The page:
Even before COVID-19, an increased focus on employees' physical, financial, and emotional wellbeing was contributing to the expansion of voluntary benefit programs. Employers have been increasingly seeking ways to personalize the employee experience, and their voluntary benefits packages play a significant role in their strategy.
Over the last decade, all players—carriers, employers, and employees—have become more sophisticated in their knowledge and approach to benefits, which has led us into the next generation of voluntary benefits. A number of trends underpin this evolution and will continue to shape the voluntary benefits market in 2020 and beyond.
Trend #1: Whole Case Underwriting
As more carriers enter the voluntary benefits space and employers seek to consolidate their partners, some carriers are offering multi-line discounts. For instance, an organization seeking to renew its group policy for basic life insurance may be able to achieve cost savings by including critical illness, accident coverage, or other voluntary benefits in the underwriting process.
Carriers who offer bundled pricing with group and medical lines can help employers maximize their HR budgets and offer more coverages for incremental increases in cost.
Trend #2: Value-Based Plans
The insurance industry as a whole is seeing a shift to conversations about value, especially as companies and HR leaders use data and analytics to measure return on investment and assess the usage and performance of their plan offerings. These modernized approaches also apply to voluntary benefits. One simple example that demonstrates the shift is:
Critical Illness plans have been enhanced to increase coverage levels on both employees and dependents and offering infectious disease coverage whenever possible; an important plan design element in the wake of the COVID-19 pandemic.
Another way employers can be sure their employees get value from the voluntary benefits is through automatic claims notification, and even automatic claims payment (known in the industry as "claims adjudication"). Streamlining the claims process and removing any extra steps for employees helps ensure the benefits are actually used.
Trend #3: Increased Transparency
Across industries, consumer expectations are changing and many want more transparency into costs, processes, and the overall value chain. As such, employers are seeking more claims data transparency, and employees are looking for more decision support to help choose wisely where their benefit dollars are going.
This trend is also helping build new customer care models, such as policyholder care centers and concierge services that help employees work through their benefits. As more carriers enhance their ability to automatically pay claims, they will also need to regularly provide reporting and data that helps policyholders assess performance.
Trend #4: Technology Integration
Data and analytics, increased transparency, and streamlined processes thrive best when carriers and organizations integrate technology and digital solutions into their strategy seamlessly. Bridging third-party systems through application programming interfaces (APIs) can connect HR data, payroll, and benefits information and activity—and help align benefits to employees’ life events and changing needs.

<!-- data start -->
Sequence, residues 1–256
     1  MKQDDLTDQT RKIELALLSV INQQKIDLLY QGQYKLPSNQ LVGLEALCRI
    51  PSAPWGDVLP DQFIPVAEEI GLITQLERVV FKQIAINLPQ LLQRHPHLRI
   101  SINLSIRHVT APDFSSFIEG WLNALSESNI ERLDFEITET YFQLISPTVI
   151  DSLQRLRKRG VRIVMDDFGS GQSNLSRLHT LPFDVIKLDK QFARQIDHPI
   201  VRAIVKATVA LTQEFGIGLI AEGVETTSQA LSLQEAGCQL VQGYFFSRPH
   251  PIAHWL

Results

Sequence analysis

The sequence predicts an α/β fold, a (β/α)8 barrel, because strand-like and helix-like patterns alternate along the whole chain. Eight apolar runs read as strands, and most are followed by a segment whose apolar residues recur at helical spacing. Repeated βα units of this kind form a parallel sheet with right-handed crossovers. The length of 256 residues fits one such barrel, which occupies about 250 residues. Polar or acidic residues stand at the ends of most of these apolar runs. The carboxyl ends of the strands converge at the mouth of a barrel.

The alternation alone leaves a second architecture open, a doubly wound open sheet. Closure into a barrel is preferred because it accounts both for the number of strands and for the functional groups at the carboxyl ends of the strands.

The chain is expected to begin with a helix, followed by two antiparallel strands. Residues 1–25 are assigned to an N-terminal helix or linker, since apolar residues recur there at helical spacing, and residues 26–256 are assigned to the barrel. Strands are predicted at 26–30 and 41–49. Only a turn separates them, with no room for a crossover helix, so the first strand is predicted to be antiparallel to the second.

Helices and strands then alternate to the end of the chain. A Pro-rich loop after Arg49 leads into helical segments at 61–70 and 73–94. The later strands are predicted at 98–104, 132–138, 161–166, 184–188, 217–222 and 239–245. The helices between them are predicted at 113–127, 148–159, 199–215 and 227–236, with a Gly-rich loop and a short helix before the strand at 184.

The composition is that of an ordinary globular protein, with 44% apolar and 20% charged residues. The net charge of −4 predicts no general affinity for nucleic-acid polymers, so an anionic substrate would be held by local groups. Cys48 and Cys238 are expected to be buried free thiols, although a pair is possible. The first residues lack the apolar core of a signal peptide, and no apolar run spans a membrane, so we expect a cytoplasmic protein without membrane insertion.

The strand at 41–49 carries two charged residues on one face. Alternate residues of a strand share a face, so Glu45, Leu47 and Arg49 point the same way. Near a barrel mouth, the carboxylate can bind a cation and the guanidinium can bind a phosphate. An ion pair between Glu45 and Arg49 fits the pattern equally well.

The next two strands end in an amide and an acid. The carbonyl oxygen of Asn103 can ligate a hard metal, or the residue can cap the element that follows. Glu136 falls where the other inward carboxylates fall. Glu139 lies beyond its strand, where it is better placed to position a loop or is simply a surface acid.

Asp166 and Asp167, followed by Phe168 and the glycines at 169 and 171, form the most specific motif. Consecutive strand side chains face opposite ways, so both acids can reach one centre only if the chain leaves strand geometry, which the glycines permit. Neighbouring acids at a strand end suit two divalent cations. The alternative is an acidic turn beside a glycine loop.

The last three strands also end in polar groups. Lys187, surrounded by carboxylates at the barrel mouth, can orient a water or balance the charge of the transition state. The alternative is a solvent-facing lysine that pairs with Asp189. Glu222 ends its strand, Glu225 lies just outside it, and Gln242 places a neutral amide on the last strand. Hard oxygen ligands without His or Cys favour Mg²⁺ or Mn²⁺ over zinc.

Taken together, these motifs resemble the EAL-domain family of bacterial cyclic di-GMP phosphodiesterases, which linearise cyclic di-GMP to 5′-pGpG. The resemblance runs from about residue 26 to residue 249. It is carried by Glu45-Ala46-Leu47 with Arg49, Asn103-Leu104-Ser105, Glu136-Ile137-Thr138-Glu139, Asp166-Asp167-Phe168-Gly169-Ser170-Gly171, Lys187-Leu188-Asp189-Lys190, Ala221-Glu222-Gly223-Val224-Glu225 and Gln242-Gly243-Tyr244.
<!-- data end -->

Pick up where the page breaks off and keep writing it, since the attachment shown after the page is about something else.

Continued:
This type of connectivity will enable hyper-personalized communication, which means employees are getting the right message, at the right time, in the way they choose. As the industry develops API standards and connectivity across the benefits ecosystem, employees will benefit from a significantly improved user experience, and HR will have the benefit of improved analytics for decision-making.
Trend #5: Competitive Pricing
As voluntary benefits grow in popularity, new carrier entrants are common, and pricing continues to be driven down by competitive pressure. However, because employers and employees are focusing on value, competitive pricing isn’t just about the dollar figure—but the demonstrated recurring value they get from their investment.
When looking at pricing, employers should focus their product strategies on meeting employee needs based on utilization and value. Less expensive rates may not always be the best solution, especially if the plan design is trending towards insufficient offerings with features that have poor utilization history or provide employees with little value.
Trend #6: Customization Options
Whether new to the workforce or nearing retirement, employees want choices so they can tailor their coverages to fit specific needs for themselves and their families. As the voluntary benefits marketplace matures, even more customization options are becoming available to service an increasingly diverse workforce.
Plan designs are evolving to focus on all dimensions of employee wellbeing in the event of a claim—not just the physical dimension of health, but also financial, emotional, and social. And as data and analytics evolve, it’s likely employees will be able to customize their plans even further.